How should you understand it? A wonderful thing is going
Yes, help me, Torvald. Promise that you will! I am so
nervous about it--all the people--. You must give yourself up to
me entirely this evening. Not the tiniest bit of business--you
mustn't even take a pen in your hand. Will you promise, Torvald dear?
I promise. This evening I will be wholly and absolutely
at your service, you helpless little mortal. Ah, by the way,
first of all I will just-- (Goes towards the hall door.)
Torvald, please don't. There is nothing there.
Well, let me look. (Turns to go to the letter-box. NORA,
at the piano, plays the first bars of the Tarantella. HELMER
stops in the doorway.) Aha!
I can't dance tomorrow if I don't practise with you.
HELMER. (going up to her).
Are you really so afraid of it, dear?
Yes, so dreadfully afraid of it. Let me practise at once;
there is time now, before we go to dinner. Sit down and play for
me, Torvald dear; criticise me, and correct me as you play.
With great pleasure, if you wish me to. (Sits down at the
NORA (takes out of the box a tambourine and a long variegated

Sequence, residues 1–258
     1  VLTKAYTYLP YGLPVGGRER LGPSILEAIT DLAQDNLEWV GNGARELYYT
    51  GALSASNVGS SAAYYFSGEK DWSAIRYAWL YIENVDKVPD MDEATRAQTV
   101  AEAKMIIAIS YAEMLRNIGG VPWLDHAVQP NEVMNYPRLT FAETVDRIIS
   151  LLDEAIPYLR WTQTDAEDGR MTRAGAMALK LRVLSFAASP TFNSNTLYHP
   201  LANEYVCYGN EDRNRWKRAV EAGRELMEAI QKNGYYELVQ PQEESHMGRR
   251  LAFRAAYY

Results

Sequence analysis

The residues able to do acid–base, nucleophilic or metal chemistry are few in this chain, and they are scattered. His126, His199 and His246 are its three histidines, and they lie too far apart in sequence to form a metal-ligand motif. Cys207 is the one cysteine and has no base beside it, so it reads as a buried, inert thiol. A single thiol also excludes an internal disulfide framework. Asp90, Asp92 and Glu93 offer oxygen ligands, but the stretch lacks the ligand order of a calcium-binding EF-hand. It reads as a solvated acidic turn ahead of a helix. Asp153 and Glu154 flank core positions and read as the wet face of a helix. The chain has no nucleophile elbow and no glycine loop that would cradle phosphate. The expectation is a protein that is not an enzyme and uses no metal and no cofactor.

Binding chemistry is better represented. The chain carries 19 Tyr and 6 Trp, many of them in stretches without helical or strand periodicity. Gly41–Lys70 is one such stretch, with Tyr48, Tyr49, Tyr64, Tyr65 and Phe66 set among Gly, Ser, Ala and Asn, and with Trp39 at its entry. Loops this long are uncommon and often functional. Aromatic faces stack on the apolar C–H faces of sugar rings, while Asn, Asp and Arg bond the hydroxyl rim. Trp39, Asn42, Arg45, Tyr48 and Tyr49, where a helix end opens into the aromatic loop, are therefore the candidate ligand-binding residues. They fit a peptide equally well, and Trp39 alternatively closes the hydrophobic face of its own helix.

shawl. She hastily drapes the shawl round her. Then she springs
to the front of the stage and calls out).
Now play for me! I am
going to dance!
(HELMER plays and NORA dances. RANK stands by the piano behind
HELMER, and looks on.)
HELMER. (getting up).
Yes, do. I can correct her better then.
(RANK sits down at the piano and plays. NORA dances more and more
wildly. HELMER has taken up a position beside the stove, and
during her dance gives her frequent instructions. She does not
seem to hear him; her hair comes down and falls over her
shoulders; she pays no attention to it, but goes on dancing.
Enter Mrs. LINDE.)
LINDE (standing as if spell-bound in the doorway). Oh!--
Stop, Rank; this is sheer madness. Stop, I tell you!
(RANK stops playing, and NORA suddenly stands still. HELMER goes
up to her.) I could never have believed it. You have forgotten
everything I taught you.
NORA. (throwing away the tambourine).
There, you see.
Oh, you wouldn't understand. Go in to them, I will come in
a moment. (Mrs. LINDE goes into the dining-room. NORA stands
still for a little while, as if to compose herself. Then she
looks at her watch.) Five o'clock. Seven hours until midnight; and
then four-and-twenty hours until the next midnight. Then the
Tarantella will be over. Twenty-four and seven? Thirty-one hours
HELMER. (from the doorway on the right).
Where's my little skylark?
NORA. (going to him with her arms outstretched).
Here she is!